Giving a monkey’s about primate conservation

12 12 2017
Urban monkey living (Macaque, Gibraltar) small

Concrete jungle. A Barbary macaque sits in a human-dominated landscape in Gibraltar. Photo: Silviu Petrovan

Saving primates is a complicated business. Primates are intelligent, social animals that have complex needs. They come into conflict with humans when they raid rubbish bins and crops, chew power cables, and in some cases become aggressive towards people.

Humans, however, have the upper hand. While 60% of non-human primate species are threatened, humans grow in numbers and power, building roads through forests, hunting and trapping primates, and replacing their habitat with farms and houses.

To help primatologists choose the most effective conservation approaches to resolve these problems, researchers in the Conservation Evidence project teamed up with primate researchers to produce a global database on the effectiveness of primate conservation solutions. This free database, which can also be downloaded as a single pdf, summarizes the evidence for 162 conservation interventions — actions that conservationists might take to conserve primates. The data come from searches of over 170 conservation journals and newsletters, and each study is summarized in a single paragraph in plain English, making it possible for conservationists without access to scientific journals to read the key findings.

Front cover primate synopsisSo what works in primate conservation? Well, the picture is rarely straightforward — partly due to the lack of data — but there are some interesting trends. Reducing hunting is one area where there seem to be a range of potentially effective approaches. Community control of patrolling, banning hunting and removing snares was effective in the three studies in which it was tested, all in African countries.

Further emphasizing the importance of involving local communities, implementing no-hunting community policies or traditional hunting bans also appeared helpful in boosting primate numbers. In other places, a more traditional approach of using rangers to protect primates has proved a winning strategy. Training rangers, providing them with arms, and increasing ranger patrols all worked to protect primates from poachers. Identifying the circumstances in which community led approaches or ranger patrols work will be key to implementing the most appropriate response to each conservation challenge. Read the rest of this entry »





The Evidence Strikes Back — What Works 2017

16 01 2017
Bat gantry on the A590, Cumbria, UK. Photo credit: Anna Berthinussen

Bat gantry on the A590, Cumbria, UK. Photo credit: Anna Berthinussen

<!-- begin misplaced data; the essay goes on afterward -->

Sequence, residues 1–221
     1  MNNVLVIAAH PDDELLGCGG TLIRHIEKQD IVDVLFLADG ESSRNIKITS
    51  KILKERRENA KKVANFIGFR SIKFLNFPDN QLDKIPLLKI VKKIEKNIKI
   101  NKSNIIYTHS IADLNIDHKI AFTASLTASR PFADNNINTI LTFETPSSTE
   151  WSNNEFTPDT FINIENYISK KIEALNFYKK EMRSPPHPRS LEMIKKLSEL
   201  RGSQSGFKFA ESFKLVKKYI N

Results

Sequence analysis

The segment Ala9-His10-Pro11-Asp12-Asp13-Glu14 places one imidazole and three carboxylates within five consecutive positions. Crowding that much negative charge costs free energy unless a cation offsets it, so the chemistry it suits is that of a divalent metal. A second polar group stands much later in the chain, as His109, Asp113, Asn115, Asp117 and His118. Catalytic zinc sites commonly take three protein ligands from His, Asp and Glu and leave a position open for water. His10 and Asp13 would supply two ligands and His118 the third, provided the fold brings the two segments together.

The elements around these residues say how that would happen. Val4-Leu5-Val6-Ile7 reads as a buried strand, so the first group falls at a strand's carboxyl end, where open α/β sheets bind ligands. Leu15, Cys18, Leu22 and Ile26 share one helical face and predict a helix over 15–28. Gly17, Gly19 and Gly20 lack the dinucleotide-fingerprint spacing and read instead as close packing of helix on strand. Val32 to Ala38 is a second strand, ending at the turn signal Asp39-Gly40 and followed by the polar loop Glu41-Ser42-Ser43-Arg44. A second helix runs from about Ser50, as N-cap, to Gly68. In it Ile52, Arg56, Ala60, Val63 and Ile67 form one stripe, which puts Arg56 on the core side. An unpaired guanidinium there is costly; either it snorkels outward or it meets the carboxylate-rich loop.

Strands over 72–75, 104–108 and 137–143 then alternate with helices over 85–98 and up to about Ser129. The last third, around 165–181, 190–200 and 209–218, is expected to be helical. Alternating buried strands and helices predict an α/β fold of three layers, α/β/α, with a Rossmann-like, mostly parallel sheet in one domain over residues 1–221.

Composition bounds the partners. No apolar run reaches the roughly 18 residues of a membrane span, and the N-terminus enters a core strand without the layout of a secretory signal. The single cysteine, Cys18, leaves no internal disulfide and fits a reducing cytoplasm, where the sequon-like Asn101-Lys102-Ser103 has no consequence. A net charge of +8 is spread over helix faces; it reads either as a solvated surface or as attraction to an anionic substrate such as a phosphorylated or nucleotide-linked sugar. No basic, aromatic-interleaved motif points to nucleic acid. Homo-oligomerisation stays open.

Tired of living in a world where you’re constrained by inconvenient truths, irritating evidence and incommodious facts? 2016 must have been great for you. But in conservation, the fight against the ‘post-truth’ world is getting a little extra ammunition this year, as the Conservation Evidence project launches its updated book ‘What Works in Conservation 2017’.

Conservation Evidence, as many readers of this blog will know, is the brainchild of conservation heavyweight Professor Bill Sutherland, based at Cambridge University in the UK. Like all the best ideas, the Conservation Evidence project is at once staggeringly simple and breathtakingly ambitious — to list every conservation intervention ever cooked up around the world, and see how well, in the cold light of evidence, they actually worked. The project is ongoing, with new chapters of evidence added every year grouped by taxa, habitat or topic — all available for free on www.conservationevidence.com.

What Works in Conservation’ is a book that summarises the key findings from the Conservation Evidence website, and presents them in a simple, clear format, with links to where more information can be found on each topic. Experts (some of us still listen to them, Michael) review the evidence and score every intervention for its effectiveness, the certainty of the evidence and any harmful side effects, placing each intervention into a colour coded category from ‘beneficial’ to ‘likely to be ineffective or harmful.’ The last ‘What Works’ book included chapters on birds, bats, amphibians, soil fertility, natural pest control, some aspects of freshwater invasives and farmland conservation in Europe; new for 2017 is a chapter on forests and more species added to freshwater invasives. Read the rest of this entry »





Biodiversity conservation and behaviour change

23 07 2012

I have been asked by Diogo Veríssimo, a PhD student at the Durrell Institute of Conservation and Ecology (DICE) based at the University of Kent, to post a call for papers for a special issue of Conservation Evidence (details below). I’ve bumped into Diogo at a few conferences, and learnt a few weeks ago that he won the IUCN/Thomson Reuters Environmental Award for his essay entitled Greening the crisis: turning trouble into opportunity. Well done, Diogo.

Dear Colleagues,

I am inviting you to submit case-studies on behaviour change and biodiversity and conservation for a special issue in the journal Conservation Evidence, an online and open-access scientific journal that focuses on project-level conservation interventions with the aim of sharing lessons learned. The aim of this special issue is to document specific conservation interventions that delivered changes in behaviours relevant to the management and conservation of biodiversity and in this way share lessons learned.

Interventions that have not been successful are especially of interest as these allow for an understanding and discussion of what does not work and why. All case studies need to include an evaluation of the impacts of the intervention and are written by, or in partnership with, those who did the conservation work. Read the rest of this entry »